I have vivid memories of my mother pleading and bargaining with me to clean my room when I was a child. It got worse when I was a teenager. For some reason living with heaps of clothes, vials of makeup, art supplies, and magazines strewn across the carpeting and every surface never seemed to phase me. I just chalked it up to being a disorganized and frenetic "creative-type." It wasn't until I cohabited with others that I began questioning my behavior... and became more than a little embarrassed.
My first roommate after college called me one Saturday when I was away to inform me that our Hoboken apartment had been burglarized. When the policeman arrived at the scene and surveyed my messy bedroom, bureau drawers pulled open and jewelry in tangles on top, he let out a low whistle and said "Wow, they really ransacked this place."
My roommate had to inform him, "No Officer, it ummm...always looks like this."
I like to think my piles may have scared the intruder, because he didn't get away with too much. Needless to say, whenever that story was retold in a room full of hooting friends, I cringed and vowed to make a change.
Now, several years later, my fiancé and I live in an apartment that was advertised as a "one bedroom plus den," the den being a windowless 6' by 10' sliver of a space. We had high hopes for our "little room," as we refer to it, imagining it as a small studio or a place for my fiancé to play his guitar. In actuality, It has become my scapegoat. It is my 60 square feet to pile, chuck, and be in complete disarray... so the rest of our apartment can be clean, livable and presentable. Inside you will find bicycles, half-started crafts, holiday decorations, stacks of magazines and catalogs with tabbed corners that I will read again, and many more items that I can't seem to part with.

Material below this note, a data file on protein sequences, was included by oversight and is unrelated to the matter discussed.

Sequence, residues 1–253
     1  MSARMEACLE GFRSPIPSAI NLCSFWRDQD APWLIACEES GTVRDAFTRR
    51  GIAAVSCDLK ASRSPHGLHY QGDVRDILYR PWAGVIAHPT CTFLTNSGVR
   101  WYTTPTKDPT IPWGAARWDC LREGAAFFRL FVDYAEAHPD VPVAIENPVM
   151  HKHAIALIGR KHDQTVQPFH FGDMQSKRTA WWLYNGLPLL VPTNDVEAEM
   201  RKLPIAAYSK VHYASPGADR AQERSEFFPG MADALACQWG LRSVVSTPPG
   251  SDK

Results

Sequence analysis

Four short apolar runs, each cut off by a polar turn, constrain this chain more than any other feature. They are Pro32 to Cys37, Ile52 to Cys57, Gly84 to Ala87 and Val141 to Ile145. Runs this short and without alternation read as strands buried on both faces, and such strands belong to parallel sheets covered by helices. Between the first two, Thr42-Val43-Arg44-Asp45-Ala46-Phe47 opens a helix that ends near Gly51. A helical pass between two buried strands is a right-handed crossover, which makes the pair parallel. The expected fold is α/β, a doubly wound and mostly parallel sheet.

As "adults," we are required to keep house, to entertain, have a clear spot on the sofa so friends can sit down, and a neatly-made bed for them to throw their coats. I have accepted this reality and even embraced hostessing. Anyone who knows me would tell you that my organizational skills have vastly improved. (Of course prior to having visitors I feverishly clean, organize and declutter our living space.) As a designer (and adult), I've come to call my style the layered look: I will never be minimal or neat-as-a-pin.
The idea of guests dropping in unannounced still makes me nervous, but I have finally found freedom in knowing I can stash things inside the room and pull its accordion doors tightly closed. My friends are aware of my room, and offer suggestions of better ways to use the space. I politely nod and smile, knowing that I do not intend to give up my hoarding space. But hey, I'm not really a hoarder if it's contained to one little room, right? Anyone?
My grown-up mess. Photo by Shana Ecker